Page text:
never opened her mouth to me on the
uubjoct, though sho knows 1 never
repeat. And now, to see them two
jogging 'round together af'er old
Charley, as content as dmifcs hr'u mill
pond, nobody niintnists it to o'ona'lUOst
a separation to unite them.
Nobody knows but me and the old
squire. It won't get out from him ? tie
is as close-mouthed as a lish. And I
was never ono to talk.
- ? ? ? .f^M?*?
CAROLINA'S MOX LM NN TS.
The Otilckamatitfa Commission issues
an Important Circular?Shall We
Honor t Im; Dead '!
The following circular letter just is
sued by the monument commission of
tbeChlokamauga battleliold, appointed
under the special act of the last Con
oral Assembly, will be read with the
keenest interest by all patriotic South
Under authority of a joint resolution
of Legislature of Sout h Carolina passed
December Ulid, 181)4, vi/.:
"That tho Governor be, and bo is
hereby authorized to appoint a com
mission of one or more suitable persons
to select designs and places ol location
lor monuments to troops from South
Carolina as recommended by the
"That said commission will make
its report to the Governor, who will
communicate with tho General As
sembly at its noxt regular session, 181)5,
with such- recommendations as no may
deem best, at which time such further
action upon the recommendations of
the Chickamauira commission may b ?
taken as the General Assembly sees
The following commission was ap
pointed by the Governor ! (Jen. C. 1.
Walker, Maj. .1. I). Me Lucas and Capt.
C. K. Henderson.
The commission has decided to re
commend to tho Legislature, tho oree
tion of tho following monuments :
Ono principal monument, commemora
tive of the valor of all South Carolin
ians engaged in tho battle, to be placed
on Dyer's Knoll, the spot where Ker
shaw's Brigade made a most glorious
and victorious charge, and a conspicu
ous position on the field.
who or smaller sizo, ouch: to Ker
shaw's Brigade, to ho placed whero
they fought the whole afternoon on
Snodgrass Hange, one to the South
Carolina regimonts (10th and IPthjof
Manignult's hrigado, to bo erected
waoro they fought for three hours on
Snodgrass Bange, one to the South
Carolina regiments (10th and 24th)
(iist'a brigade, and ouo to Cu I popper's
battery, the position of the last two to
bo designated hereafter. That to Kor
shaw's hrigado, being to tlio largest
number of South Carolinians, to be the
largest of those four, to Manigault's
und Cist's smaller, and to Culpcppcr'n
battery smaller still. For these four
Souuments, the commission rather fa
ir a design somewhat similar to the
monument to Battery I, lib U.S.
artlllory, now on the battlefield.
All the monuments are proposed to
bo mado of South Carolina granite, of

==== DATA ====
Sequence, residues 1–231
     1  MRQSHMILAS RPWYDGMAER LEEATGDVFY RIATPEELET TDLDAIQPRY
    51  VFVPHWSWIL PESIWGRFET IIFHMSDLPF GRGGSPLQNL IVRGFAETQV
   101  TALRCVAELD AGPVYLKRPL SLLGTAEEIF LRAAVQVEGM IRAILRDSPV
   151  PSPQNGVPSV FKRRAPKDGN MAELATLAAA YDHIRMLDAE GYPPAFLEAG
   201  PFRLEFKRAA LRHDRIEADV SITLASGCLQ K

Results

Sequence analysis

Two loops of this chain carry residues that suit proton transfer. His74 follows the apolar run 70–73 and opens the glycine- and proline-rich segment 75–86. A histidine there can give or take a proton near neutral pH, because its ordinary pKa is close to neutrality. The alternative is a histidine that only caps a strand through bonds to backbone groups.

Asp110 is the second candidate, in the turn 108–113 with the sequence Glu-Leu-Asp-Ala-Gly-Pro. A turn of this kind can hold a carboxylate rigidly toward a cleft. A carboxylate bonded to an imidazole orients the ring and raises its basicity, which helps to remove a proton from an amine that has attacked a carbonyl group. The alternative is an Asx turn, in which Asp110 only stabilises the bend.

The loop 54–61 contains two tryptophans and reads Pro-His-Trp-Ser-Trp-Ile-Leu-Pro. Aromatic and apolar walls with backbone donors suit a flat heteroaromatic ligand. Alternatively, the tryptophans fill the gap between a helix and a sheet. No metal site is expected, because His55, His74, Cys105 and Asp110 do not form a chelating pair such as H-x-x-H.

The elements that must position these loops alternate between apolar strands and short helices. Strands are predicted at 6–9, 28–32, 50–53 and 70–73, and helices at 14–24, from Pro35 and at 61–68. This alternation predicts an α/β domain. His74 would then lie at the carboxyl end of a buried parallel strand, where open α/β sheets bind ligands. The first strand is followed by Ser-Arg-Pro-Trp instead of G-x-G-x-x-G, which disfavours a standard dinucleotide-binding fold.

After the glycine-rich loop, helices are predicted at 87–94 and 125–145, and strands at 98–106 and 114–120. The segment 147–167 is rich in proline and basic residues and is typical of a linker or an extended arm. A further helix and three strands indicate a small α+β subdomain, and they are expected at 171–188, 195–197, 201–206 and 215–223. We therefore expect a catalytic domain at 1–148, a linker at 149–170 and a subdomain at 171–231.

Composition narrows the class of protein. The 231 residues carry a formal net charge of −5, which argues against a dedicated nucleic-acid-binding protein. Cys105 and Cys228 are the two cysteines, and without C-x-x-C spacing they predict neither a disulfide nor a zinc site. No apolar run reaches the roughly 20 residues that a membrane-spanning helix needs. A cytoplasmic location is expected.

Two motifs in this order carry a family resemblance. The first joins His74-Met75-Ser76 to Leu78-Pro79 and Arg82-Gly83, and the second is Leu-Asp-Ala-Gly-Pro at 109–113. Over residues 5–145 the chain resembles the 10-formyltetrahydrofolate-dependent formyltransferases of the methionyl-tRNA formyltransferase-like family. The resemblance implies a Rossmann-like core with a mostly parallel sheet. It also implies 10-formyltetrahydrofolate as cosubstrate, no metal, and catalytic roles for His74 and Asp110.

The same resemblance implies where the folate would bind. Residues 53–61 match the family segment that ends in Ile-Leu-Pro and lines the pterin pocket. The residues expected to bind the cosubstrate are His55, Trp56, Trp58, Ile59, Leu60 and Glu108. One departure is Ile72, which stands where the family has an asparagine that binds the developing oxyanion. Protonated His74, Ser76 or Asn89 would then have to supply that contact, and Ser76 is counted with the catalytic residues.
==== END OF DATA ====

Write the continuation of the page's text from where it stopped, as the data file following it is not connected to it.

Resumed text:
tho moot enduring kind--to ho without j
any ornamentation which will bo in- j
jurod by tho wear of tho elements and
time, to have no sharp edge*}, tho
blocks of stone to bo joined in tho most
secure and lasting method, all letter
ing, oto., to bo cut in and no raised lot
tors to be used,.and everything to ho
of tho most substantial and p.rmaoont
workmanship and material. Tho mist
record of all biddors will be considered I
as to tholr habit of doing thorough 1
work. ? I
Tho largor monument to havo on it
in some appropriate place tho pal
metio, our Btato omhlcm.
The Logislaturo has made no appro
priation of any moneys nor indicated
in any way how much it will apnro
priato. The appointment of tho oom
mission in 1893, which established the
po-Hiou uf South UrO'iua troops oa
the battlefield, und of this commission'
on monument-;, shows tuat it int? nds
to do m m.'thtn/, and tho commlt-sion
expects hh. ia. tu atioi in ul its hands,
a?wi a generous 'lunation to tu-- uoblo
nicVwho (ought und died on thin, one
of the most desperate und bloody but
tletiolds of tbo world'* history. It ia
advised that such designs beauOmitted
a* will make the total cost of the mon
uments erected on tin battlefield be
tween 99.000 and $12,000. Larger esti
mates will be received and considered,
but. it is doubtful if they can be passed,
even if submitted to the legislature.
The Cbickamauga park commission
will furnish the baud and broken stone
nceessar/ for the foundations. Esti
mate must bo for the monuments
erected on tho battle lie Id of Chieka
Designs with estimates, or designs
without estimates, but accompanied
with an approximate idea of costs,
given by a reliable builder of monu
ments, will bo recelveu by (Jen. C. L
Walker, .'1 liroad street, Charleston,
8- C. If delivered to him?sealed?by
November 8, 1805. Tfiey will bo opened
and passed upon at a meeting of the
commission to be held about November
it must bo distinctly understood that
the commission docs not bind itself to
accept any designer estimate. It can
return tho same only at owners' costs,
and the designs selected will have to
bo submitted to tho Legislature. No
financial onguiromeut can he made
until the Legislature bus made.appro
priation and given authority to con
0. [. Walk Kit,
J. D. McLUCAS,
c. K. Henderson.
THK REGISTRATION CASK.
Attorney General Barber Moves to
LM?llliHH Appeal ol'Mills.
Oa Monday tho 28th instant, a mo
tion will be made iu tho Supremo
(Court of the United States to dismiss